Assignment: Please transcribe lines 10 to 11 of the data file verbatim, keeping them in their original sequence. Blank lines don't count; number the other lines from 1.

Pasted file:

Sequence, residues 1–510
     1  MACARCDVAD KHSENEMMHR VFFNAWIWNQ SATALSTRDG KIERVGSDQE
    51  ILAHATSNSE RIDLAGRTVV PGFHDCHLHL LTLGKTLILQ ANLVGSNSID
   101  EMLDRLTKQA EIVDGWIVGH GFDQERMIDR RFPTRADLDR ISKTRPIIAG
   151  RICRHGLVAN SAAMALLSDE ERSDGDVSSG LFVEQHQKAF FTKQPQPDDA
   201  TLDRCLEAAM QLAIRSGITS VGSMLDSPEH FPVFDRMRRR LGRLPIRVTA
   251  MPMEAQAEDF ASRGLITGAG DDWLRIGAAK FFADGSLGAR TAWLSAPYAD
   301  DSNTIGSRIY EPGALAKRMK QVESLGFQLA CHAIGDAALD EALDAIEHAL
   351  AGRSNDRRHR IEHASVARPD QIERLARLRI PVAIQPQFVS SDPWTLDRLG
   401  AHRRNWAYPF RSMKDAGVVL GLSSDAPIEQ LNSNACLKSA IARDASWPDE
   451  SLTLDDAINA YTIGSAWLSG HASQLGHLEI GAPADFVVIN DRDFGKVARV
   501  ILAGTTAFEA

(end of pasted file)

   401  AHRRNWAYPF RSMKDAGVVL GLSSDAPIEQ LNSNACLKSA IARDASWPDE
   451  SLTLDDAINA YTIGSAWLSG HASQLGHLEI GAPADFVVIN DRDFGKVARV